Pubdate: Fri, 16 Feb 2018
Source: State, The (SC)
Copyright: 2018 The State
Author: Crystal Hill


Now that marijuana is legal in California, people don't have to hide
their marijuana use -- in fact, some are smoking it right in officers'

But these pot smokers aren't being brazen. They're actually helping
police better detect impaired drivers on the road, CBS Los Angeles

Glendale police Officer Bryan Duncan told the news station that about
75 percent of the DUI arrests he makes these days are drug impaired --
"more cannabis than alcohol."

A group of smokers recently gathered at a hotel where they were first
given field sobriety tests, and then allowed to start smoking
marijuana, Inside Edition reported. They later took sobriety tests for
a second time to judge how the drug affected their mental and motor
skill, the news outlet said.

"Whether it's lack of convergence in the eyes, divided attention
issues, your ability to do two tasks at one time," said Officer
Duncan, CBS Los Angeles reported.

The "green labs" were launched in Colorado -- where recreational
marijuana became legalized in 2012 -- in 2015 by Chris Halsor,
Newsweek reported. Halsor is an attorney and the founder of
Understanding Legal Marijuana, LLC, which provides training and
consultation to public policy makers, law enforcement and other
officials on the "intricacies" of legal marijuana.

Recreational marijuana use became legal in California at the start of
this year.

Halsor told Newsweek that during the lab courses, which take place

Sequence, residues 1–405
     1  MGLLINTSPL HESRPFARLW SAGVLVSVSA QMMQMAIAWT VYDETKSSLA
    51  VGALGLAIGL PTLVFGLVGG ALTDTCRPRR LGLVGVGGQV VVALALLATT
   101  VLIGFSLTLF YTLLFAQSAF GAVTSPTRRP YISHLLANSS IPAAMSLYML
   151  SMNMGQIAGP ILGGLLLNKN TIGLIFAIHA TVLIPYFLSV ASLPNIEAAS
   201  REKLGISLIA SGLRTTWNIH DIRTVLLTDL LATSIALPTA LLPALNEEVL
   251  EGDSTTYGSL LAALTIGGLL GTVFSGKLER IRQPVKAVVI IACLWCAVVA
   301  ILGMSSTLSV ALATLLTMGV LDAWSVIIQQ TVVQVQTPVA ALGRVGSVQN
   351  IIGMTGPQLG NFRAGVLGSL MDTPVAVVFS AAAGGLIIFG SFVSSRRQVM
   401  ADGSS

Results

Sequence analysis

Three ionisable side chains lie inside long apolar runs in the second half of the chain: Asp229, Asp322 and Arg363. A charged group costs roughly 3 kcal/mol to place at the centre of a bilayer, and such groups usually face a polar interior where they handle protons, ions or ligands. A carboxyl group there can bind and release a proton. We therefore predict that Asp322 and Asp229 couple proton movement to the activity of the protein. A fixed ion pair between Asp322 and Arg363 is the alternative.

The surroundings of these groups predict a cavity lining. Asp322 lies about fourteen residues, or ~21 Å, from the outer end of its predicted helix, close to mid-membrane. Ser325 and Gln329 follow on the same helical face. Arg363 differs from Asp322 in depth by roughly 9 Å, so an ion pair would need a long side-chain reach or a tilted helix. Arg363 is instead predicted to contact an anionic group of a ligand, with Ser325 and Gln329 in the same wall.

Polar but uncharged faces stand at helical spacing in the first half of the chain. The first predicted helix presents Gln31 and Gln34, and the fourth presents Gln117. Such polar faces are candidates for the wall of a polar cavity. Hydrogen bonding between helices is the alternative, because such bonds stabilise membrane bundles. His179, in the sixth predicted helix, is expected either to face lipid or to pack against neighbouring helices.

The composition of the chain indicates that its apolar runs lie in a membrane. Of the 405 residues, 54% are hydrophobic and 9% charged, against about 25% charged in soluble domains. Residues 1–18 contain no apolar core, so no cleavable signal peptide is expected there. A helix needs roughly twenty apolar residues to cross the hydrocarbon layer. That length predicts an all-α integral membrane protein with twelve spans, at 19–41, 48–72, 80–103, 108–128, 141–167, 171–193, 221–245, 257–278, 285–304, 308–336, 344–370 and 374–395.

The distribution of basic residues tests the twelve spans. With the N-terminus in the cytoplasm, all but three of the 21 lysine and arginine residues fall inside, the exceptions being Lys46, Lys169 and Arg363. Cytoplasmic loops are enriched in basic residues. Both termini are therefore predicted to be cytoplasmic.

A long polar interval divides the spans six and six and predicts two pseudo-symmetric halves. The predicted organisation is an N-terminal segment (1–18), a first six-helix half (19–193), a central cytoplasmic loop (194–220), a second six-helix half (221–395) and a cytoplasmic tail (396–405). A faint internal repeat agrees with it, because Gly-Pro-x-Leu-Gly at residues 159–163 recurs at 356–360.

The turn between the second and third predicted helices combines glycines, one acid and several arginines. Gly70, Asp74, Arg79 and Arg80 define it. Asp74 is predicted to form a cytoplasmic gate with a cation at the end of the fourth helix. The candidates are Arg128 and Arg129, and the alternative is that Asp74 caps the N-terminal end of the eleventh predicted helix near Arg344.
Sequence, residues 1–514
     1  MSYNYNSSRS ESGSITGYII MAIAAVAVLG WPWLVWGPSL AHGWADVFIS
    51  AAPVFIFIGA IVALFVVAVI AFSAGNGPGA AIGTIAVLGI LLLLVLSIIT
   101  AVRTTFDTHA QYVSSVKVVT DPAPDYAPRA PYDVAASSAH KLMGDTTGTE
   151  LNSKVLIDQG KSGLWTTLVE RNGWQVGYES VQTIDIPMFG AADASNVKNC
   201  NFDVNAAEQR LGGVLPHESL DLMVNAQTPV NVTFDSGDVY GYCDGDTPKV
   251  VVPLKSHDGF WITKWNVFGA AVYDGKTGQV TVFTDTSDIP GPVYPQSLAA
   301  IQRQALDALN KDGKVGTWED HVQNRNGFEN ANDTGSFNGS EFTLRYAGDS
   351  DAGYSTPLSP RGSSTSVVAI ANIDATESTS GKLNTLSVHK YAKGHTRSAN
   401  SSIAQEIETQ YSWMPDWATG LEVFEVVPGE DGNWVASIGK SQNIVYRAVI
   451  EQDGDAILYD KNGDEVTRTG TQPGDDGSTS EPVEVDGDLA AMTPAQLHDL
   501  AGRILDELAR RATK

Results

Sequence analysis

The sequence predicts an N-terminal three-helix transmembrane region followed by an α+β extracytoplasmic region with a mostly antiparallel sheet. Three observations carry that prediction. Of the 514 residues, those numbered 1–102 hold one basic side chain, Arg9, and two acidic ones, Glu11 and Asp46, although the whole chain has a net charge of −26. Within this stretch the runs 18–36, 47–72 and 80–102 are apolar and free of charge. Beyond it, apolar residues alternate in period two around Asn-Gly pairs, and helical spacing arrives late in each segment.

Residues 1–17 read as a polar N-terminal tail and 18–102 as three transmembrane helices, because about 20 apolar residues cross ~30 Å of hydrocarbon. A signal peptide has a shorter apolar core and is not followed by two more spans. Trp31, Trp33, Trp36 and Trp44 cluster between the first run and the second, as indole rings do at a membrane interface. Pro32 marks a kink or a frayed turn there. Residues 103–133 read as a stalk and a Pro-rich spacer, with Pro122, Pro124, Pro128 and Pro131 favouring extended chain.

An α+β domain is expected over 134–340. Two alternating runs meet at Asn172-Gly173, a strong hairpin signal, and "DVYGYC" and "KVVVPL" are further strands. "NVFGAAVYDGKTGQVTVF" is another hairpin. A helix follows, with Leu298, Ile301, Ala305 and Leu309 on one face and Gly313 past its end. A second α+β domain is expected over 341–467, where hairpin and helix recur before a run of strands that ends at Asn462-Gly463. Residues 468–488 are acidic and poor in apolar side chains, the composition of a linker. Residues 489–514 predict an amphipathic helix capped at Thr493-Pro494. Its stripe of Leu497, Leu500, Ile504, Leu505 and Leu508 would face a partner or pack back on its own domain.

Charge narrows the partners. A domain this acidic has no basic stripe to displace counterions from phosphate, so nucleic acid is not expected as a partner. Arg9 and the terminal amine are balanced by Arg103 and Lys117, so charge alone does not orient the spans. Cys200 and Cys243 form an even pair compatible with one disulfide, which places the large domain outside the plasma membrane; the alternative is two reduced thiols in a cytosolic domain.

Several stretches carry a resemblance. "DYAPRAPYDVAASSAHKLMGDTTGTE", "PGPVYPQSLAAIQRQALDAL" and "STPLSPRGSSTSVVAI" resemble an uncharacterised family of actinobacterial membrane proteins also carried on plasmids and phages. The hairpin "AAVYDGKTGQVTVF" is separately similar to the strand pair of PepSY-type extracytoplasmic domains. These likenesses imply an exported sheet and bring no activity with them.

over the course of two days, volunteers are told to smoke enough pot
"to get to a level where they would question their ability to safely
drive a car."

"That can mean a lot of different things for a lot of different
people, depending on their use," he said. "So, even with that
instruction, we typically get a spectrum of users within our volunteer

Volunteers have been eager to take part in the courses, so pot users
aren't all treated the same, CBS Los Angeles reported.

"It's different for everyone. If you're an avid user and you use it
more, it's going to affect you differently," said marijuana user
Sebastian Dominguez told the news station. Dominguez added that he
doesn't get drive after smoking.

"If I'm high, I don't want to drive," said Villegas. "Like why? If I'm
high, I just want to sit there."

Halsor told Newsweek that while some may think the classes are
"radical," it's important for police officers to be looking for impairment.

"What we don't want happening is that in those states, which allow for
the lawful possession and use of marijuana, we don't want people who
aren't impaired getting arrested," he said.

The green labs come as marijuana researchers begin educating officials
and the public in California on the benefits and risks of the drug,
The Sacramento Bee reported last month.
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